It was getting embarrassing. After living in Israel for two years, I still hadn’t been North of Tel Aviv or Jerusalem. Sure, I’ve explored the Negev far more than most people who live in “the center.” I’ve vacationed in Eilat and snorkeled in the Red Sea. I’ve hiked in Mitzpe Ramon, floated in the Dead Sea, and have even explored the tiny shuk in Ashkelon. I know Tel Aviv and Jerusalem nearly as well as I know Be’er Sheva, the city where I live. But I’d yet to make it up North. Everywhere else is just over an hour from me. As soon as you start getting into two-plus hours of travel, and the need for a car, well, it was easier to put off.
Which is why I had no choice but to take Anne up on her generous offer. Like most of my friends in this country, I met Anne virtually through my blog and our mutual love of food. When she found out I hadn’t been to her adopted home of Caesarea (pronounced kay-sarea), her reply was: “YOU HAVEN’T BEEN TO CAESAREA YET????? ARE YOU KIDDING ME? Now listen here Missy – you have to come here! You have no idea what you’re missing – Caesarea is amazing!” It was exactly what I needed to kick my butt into gear. That and an invitation to stay with her at her incredible home and zimmer, Casa Caesarea. Beth and I decided to make a girls trip out of it, a “babymoon” if you will before she gives birth in the fall.
And what a fun two days we had. It turns out that Caesarea is even closer than I thought, less than two hours from my home in the South. Anne, a talented novelist and cookbook author, welcomed us into her little slice of paradise with open arms. Seriously, if you are in Israel take a detour to Caesarea and stay at Casa Caesarea. Anne, a former interior designer, has made sure that every detail is taken care of, from stylish furnishings to the most comfortable bed I have ever slept in. She’ll fix you supper if you like and a lovely breakfast of yogurt, granola, croissants, coffee, and more will be waiting for you when you wake up. There’s a pool, and a view of the golf course. It was hard to leave. Anne hosts events for foodies there as well from time to time, like this food photography workshop this summer. How I wish I would be here!
But we did manage to tear ourselves away from Casa Caesarea to explore the sites. First, Beth and I checked out the historical port city of Caesarea, which was built by Herod the Great in 25-31 BCE. It played an important role in the Roman Empire, Byzantine Era, and Crusades, and people from every time have left their mark here. There are gorgeous remains of palaces and mosaics, a huge hippodrome and a stunning Roman amphitheater that is still used for performances to this day. And of course, with its breathtaking location along the Mediterranean, there is seafood. At Anne’s suggestion we hunkered down at Crusaders Restaurant, where Beth and I enjoyed a seriously fresh and amazing mixed seafood dish (when was the last time I had crabs?!) and an array of Israeli salads. Perfection.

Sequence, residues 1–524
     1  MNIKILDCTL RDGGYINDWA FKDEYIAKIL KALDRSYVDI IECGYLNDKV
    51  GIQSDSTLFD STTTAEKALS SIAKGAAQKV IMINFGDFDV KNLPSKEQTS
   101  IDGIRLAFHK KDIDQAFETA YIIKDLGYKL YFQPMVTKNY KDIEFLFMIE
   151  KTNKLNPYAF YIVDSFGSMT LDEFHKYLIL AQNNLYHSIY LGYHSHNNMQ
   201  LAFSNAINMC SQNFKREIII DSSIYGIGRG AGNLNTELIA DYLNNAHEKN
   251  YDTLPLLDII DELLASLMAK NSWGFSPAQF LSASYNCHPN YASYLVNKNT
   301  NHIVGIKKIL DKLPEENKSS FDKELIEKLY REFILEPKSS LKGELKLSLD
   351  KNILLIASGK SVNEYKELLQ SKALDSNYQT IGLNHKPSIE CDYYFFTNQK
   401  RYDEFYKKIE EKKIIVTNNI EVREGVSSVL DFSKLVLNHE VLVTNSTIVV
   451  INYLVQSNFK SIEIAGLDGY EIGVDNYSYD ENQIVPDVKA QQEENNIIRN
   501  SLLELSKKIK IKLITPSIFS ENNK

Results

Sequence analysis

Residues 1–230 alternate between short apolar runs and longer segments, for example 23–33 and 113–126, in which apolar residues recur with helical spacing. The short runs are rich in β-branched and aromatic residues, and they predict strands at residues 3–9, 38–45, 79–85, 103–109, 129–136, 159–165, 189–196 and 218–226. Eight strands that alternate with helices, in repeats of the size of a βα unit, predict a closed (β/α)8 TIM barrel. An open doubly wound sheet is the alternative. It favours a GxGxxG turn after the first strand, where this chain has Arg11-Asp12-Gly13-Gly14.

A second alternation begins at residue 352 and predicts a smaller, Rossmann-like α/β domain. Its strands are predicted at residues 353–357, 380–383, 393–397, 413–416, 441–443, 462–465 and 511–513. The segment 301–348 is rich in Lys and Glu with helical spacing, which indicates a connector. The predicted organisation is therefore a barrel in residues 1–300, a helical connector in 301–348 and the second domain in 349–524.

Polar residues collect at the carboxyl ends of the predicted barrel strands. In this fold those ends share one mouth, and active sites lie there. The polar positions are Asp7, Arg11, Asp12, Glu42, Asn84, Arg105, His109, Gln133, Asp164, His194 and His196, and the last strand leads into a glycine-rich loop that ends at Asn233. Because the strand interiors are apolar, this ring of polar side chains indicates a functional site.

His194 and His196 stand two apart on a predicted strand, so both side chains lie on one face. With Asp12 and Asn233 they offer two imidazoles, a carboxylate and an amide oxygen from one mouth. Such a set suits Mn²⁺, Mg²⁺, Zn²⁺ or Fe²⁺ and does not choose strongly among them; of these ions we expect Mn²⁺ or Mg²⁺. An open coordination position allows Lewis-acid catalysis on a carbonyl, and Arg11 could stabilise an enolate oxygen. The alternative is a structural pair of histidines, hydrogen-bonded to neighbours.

Next, Beth and I headed up to the ancient crusader city of Akko (also spelled Acre), and one of the oldest continuously inhabited sites in the country (according to Wikipedia). It’s one of those cities that has been conquered by everyone – ancient Greeks, Romans, Byzantines, Egyptians, Crusaders, Ottomans, and even Armenians. The entire Old City is fortified and surrounded by massive stone walls meant to keep out invaders. It’s just gorgeous. Ancient tunnels connect different parts of the city, and it’s easy to imagine bygone eras at the port. The small shuk is wonderful and full of character – at first glance every shuk in Israel looks more or less the same, and its not until you dig a bit beneath the surface that you find what makes them special.
After wandering around for a few hours, Beth and I sat down for a much anticipated meal at Uri Buri, a famous seafood restaurant that Beth has been dying to take me to. We shared three half portions (I love that they offer half portions!) and each dish was better than the last. Perfectly cooked cod with crispy skin in a lemon-butter sauce with cauliflower puree. Shrimp and artichokes in a lemony turmeric sauce. Sea bass in a heady and intoxicating porcini cream sauce with roasted vegetables. Oh my! I wish our appetites would have allowed us to eat forever.
The next morning we headed to Tsfat (another town with a million spellings – Tzfat, Safed, and even Zfat are all acceptable). The home of mysticism and Kabbalah, this sleepy and touristy artist town gets mixed reviews – people either love it or hate it. But you have to visit at least once. The cobblestoned pedestrian streets are packed with artists selling (mostly overpriced) Judaica art, and it’s only once you get off the beaten path that you can take a breath and really appreciate the beauty of this religious town that overlooks the lush Galilee. A must stop is at Mr. Lachuch, a small Yemenite eatery where Ronen, the owner, makes pizza-like wraps out of traditional lachuch (a yeasty mix between a pancake and a flatbread).
Where to Eat and Stay
Old Caesarea Park
Old City, Tsfat
(it’s on the main drag, you can’t miss it)
93 Hagana, Akko
Near the lighthouse (Midal Or) in the Old City